Charles Kleinsmith

From Wikipedia, the free encyclopedia
Jump to: navigation, search
Charles Kleinsmith
Born (1904-09-28)September 28, 1904
Zionville, Pennsylvania
Died June 4, 1942(1942-06-04) (aged 37)
Pacific Ocean, near Midway Atoll
Allegiance United States of America
Service/branch United States Navy
Years of service 1922–1926, 1928-1942
Rank Chief Watertender
Unit Various, including USS Wyoming (BB-32), USS Maryland (BB-46), USS Milwaukee (CL-5), USS Cincinnati (CL-6), USS Portland (CA-33), USS Honolulu (CL-48), USS Saratoga (CV-3), and USS Yorktown (CV-5)
Battles/wars World War II
*Battle of Midway
Awards Navy Cross

Charles Kleinsmith (September 28, 1904 – June 4, 1942) was a petty officer in the United States Navy who was missing and presumed dead in action during the Battle of Midway in World War II.


Charles Kleinsmith was born on September 28, 1904 in Zionsville, Pennsylvania. He enlisted in the United States Navy on October 26, 1922 as an apprentice seaman. Until honorably discharged on October 5, 1926 as fireman second class, he served on board several ships, including the battleships Wyoming (BB-32) and Maryland (BB-46).

Kleinsmith reenlisted in the Navy on December 20, 1928, and during the next 11 years he had duty on board the light cruisers USS Milwaukee (CL-5) and USS Cincinnati (CL-6), the heavy cruiser USS Portland (CA-33), and the light cruiser USS Honolulu (CL-48). He reported aboard the aircraft carrier USS Saratoga (CV-3) on December 27, 1939, and transferred to the aircraft carrier USS Yorktown (CV-5) on October 31, 1940. He achieved the rank of chief watertender.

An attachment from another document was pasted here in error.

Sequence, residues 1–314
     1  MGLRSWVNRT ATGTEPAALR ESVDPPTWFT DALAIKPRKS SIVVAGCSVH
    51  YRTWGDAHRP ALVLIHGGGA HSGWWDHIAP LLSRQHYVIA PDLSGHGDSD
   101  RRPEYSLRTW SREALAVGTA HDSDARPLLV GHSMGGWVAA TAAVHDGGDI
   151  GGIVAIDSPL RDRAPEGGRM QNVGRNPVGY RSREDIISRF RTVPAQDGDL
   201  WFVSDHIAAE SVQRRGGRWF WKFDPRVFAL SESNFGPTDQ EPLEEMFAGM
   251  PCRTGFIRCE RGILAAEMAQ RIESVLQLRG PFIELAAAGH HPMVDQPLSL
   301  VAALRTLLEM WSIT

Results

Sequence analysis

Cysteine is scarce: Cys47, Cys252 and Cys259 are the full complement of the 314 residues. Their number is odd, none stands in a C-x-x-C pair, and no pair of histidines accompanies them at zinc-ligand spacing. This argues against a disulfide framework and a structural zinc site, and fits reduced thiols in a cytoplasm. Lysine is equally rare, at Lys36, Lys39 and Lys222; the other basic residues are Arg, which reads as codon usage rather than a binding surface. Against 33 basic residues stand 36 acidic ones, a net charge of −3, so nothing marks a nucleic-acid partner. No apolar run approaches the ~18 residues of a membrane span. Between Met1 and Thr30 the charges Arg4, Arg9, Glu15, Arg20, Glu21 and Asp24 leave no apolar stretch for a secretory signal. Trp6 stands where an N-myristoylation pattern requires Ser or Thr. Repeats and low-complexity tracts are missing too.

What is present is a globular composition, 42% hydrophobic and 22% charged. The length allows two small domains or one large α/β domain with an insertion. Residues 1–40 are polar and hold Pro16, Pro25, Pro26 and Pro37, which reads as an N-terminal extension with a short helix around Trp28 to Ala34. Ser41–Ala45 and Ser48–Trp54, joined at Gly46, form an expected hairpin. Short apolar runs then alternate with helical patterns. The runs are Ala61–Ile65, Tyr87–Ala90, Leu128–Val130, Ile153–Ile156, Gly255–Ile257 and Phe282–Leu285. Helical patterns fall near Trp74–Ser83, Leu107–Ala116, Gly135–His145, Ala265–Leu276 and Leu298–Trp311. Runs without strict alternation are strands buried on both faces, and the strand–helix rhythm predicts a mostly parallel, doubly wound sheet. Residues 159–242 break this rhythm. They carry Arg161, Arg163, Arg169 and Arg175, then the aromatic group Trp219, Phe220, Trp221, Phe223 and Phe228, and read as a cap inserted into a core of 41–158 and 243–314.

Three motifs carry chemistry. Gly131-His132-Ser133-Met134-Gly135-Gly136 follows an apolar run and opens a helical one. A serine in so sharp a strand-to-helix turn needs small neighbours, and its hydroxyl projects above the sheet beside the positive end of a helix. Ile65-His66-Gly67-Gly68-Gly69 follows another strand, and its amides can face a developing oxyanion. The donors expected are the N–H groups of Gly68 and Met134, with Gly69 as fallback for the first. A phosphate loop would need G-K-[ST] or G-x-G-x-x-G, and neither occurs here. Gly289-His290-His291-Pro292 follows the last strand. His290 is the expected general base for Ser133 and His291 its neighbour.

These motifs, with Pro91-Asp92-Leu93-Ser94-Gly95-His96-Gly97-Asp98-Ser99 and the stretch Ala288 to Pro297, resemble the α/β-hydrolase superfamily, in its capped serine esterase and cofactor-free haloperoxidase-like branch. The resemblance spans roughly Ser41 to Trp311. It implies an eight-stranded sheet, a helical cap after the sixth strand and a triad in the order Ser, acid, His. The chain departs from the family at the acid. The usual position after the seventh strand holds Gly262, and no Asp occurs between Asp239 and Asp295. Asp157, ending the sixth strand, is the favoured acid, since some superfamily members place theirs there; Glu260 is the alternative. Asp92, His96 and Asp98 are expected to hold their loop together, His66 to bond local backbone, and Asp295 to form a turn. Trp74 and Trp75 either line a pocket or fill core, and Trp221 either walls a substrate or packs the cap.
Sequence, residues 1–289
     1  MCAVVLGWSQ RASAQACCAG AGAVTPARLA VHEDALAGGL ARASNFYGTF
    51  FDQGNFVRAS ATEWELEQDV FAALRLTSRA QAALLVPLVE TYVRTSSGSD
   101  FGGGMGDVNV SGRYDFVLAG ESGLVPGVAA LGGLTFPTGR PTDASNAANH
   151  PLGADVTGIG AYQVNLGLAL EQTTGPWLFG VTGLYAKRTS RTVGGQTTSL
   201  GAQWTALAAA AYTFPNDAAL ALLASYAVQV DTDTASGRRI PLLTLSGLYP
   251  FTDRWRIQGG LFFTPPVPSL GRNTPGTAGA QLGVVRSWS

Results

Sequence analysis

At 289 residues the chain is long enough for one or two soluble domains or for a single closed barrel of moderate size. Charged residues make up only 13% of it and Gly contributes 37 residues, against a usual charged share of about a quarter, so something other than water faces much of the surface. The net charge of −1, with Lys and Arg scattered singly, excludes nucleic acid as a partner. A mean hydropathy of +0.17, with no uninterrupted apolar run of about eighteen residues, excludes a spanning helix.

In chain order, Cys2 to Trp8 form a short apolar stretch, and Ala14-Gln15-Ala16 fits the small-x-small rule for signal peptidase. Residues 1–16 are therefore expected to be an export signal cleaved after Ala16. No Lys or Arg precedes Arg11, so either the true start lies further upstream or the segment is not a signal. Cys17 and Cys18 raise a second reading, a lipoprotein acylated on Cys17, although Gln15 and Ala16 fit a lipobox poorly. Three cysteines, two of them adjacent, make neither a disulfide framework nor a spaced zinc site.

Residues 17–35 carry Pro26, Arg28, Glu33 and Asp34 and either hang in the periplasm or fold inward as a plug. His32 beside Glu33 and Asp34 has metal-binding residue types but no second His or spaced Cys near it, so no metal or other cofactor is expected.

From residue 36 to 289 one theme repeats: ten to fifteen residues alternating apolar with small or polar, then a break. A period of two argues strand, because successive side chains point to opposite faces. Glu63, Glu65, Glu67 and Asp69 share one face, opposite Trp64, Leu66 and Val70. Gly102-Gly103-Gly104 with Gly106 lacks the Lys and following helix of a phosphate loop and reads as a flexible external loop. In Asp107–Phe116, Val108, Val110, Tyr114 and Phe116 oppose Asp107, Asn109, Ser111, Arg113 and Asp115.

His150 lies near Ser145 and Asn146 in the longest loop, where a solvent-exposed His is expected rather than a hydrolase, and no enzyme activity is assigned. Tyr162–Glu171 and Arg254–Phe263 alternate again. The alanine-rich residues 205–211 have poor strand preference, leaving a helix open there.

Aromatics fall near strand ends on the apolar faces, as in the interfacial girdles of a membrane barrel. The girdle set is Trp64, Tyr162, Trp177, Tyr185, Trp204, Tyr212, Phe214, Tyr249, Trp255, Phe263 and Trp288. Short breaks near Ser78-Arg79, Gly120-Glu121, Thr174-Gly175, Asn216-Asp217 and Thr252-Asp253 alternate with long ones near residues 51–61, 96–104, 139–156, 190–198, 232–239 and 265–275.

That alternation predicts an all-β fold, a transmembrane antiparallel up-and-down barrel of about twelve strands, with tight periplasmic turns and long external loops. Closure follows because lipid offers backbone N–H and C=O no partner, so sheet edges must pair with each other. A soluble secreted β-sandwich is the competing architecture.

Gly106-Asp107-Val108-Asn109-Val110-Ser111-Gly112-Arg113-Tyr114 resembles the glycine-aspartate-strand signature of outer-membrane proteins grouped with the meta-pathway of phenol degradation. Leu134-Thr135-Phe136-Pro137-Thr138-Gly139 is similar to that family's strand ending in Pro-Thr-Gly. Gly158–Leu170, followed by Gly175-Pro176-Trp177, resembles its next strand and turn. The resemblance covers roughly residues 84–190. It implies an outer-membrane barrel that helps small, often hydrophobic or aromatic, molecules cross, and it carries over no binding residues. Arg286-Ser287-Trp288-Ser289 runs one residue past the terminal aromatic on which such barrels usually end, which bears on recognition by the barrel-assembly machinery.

During the Battle of Midway on June 4, 1942, Chief Watertender Kleinsmith maintained auxiliary power on Yorktown after an intense Japanese bombing attack extinguished the fires in all of her boilers but one. Despite the stifling fumes, intense heat, and imminence of explosion, he performed courageously, enabling the aircraft carrier to attain the speed necessary for launching planes to oppose a Japanese aerial torpedo attack. At the end of the attack, Kleinsmith was missing and presumed dead.


Kleinsmith was posthumously awarded the Navy Cross.


The destroyer escort USS Kleinsmith (DE-376) was named for Chief Kleinsmith in 1944, but construction of the ship was cancelled a week later.

The name was reassigned to another destroyer escort, USS Kleinsmith (DE-718). Before launching, Kleinsmith was redesignated as a Crosley class fast transport and converted accordingly. She was in commission as the fast transport USS Kleinsmith (APD-134) from 1945 to 1960.